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Communications strategy in a world-renowned educational institution is a tall order, and for UCL’s Head of Employee Experience Kate Faxen, keeping the best interests of its staff at heart is essential as we come back to the workplace.
Giving Alex a look at how the “Belong” programme and data from regular staff feedback is guiding the decisions that UCL are making, Kate joins us for episode 6 of Work Happy to break down their evolving mix of channels, how senior staff sponsorship can usher in cultural shifts, and the inspiring values that are regularly reminded to UCL by an unusual source – a centuries-old philosopher’s dead body…!
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“All the time when I’m thinking about internal comms, I’m thinking about how the person reading will understand it, and how they’re going to engage with that content. Then it’s not much of a leap to go from that into employee experience.”
“There’s a whole portfolio of things that go into the Belong programme, but it’s about really focusing on what you need to know immediately when you start at UCL. What are all of those questions that, over the 20 years that I’ve worked here, I’ve picked up on but that you may not know in your first few weeks.”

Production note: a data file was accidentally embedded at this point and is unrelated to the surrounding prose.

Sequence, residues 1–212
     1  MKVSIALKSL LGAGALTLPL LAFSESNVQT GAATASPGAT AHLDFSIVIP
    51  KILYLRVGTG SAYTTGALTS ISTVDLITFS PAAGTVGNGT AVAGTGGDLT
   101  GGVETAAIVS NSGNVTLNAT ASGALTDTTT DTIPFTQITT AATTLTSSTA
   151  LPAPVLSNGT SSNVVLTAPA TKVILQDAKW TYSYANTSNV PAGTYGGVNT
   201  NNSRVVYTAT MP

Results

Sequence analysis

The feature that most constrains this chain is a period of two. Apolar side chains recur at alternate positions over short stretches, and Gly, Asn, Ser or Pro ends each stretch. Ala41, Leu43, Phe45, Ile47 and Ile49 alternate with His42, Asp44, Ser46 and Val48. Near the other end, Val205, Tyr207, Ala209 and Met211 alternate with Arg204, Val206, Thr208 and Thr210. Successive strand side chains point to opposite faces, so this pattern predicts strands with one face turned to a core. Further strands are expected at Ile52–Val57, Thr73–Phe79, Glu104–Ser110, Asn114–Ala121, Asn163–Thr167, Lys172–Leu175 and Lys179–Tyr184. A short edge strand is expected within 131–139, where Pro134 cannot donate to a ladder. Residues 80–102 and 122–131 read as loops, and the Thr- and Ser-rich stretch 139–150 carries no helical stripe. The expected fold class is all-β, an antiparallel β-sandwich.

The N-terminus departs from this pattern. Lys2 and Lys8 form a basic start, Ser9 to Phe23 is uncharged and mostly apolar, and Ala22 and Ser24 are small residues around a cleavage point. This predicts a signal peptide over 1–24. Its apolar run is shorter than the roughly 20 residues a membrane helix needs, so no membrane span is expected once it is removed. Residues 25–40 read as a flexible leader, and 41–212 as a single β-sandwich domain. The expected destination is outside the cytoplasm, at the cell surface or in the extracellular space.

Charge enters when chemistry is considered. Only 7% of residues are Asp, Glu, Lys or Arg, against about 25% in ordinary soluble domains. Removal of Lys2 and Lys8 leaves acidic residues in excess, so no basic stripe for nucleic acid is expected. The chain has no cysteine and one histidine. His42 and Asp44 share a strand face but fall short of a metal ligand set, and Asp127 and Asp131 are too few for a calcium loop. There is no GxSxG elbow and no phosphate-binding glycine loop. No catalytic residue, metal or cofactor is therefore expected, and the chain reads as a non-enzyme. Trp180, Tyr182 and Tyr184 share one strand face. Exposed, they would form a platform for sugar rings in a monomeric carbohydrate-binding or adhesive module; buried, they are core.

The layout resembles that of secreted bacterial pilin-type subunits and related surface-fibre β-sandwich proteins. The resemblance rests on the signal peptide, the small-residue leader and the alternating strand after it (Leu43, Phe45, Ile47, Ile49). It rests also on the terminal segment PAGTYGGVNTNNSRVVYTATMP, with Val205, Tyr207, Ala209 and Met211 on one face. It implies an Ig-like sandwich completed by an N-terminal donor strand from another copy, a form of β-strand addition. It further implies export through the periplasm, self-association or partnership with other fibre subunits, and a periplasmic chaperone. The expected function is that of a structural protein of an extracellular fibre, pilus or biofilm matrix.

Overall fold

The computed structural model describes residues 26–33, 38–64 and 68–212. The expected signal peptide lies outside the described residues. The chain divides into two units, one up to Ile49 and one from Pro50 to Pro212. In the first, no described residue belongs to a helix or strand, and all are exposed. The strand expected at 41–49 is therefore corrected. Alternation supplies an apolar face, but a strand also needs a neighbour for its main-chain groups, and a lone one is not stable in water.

“We were lucky that we all had some knowledge of how to use Teams. Some of our departments had moved their telephony over already so it was a great starting point. We had to move quickly from only using it for the functionality of the meeting room, to actually using it for everything that we do.”
“I think in UCL what we often find is that we push communication strategy, and what we don’t realise is that it’s cultural change that we’re trying to achieve, so communication is never enough.”
“We know that our younger staff are struggling more working from home than our older members of staff, which I guess we could have figured out if we’d have really thought about it. But what we can do with that information is, when we’re building the new people management guidance, we can make sure that we involve younger people in the decision making.”
“We’re going to be going on public transport, and sitting next to our colleagues without a massive gap in between us, so people are understandably nervous. Our approach will be around slowly introducing people back, being flexible about when they travel in, and about making sure that the time that they spend on campus is really productive, and purposeful.”
“My career aspirations, albeit a jokey one, is to be the vice provost of happiness at UCL. I think that sums it up, I want everyone to be happy. I listen to people and I take genuine interest when people come up against challenges, and I want to fix them.”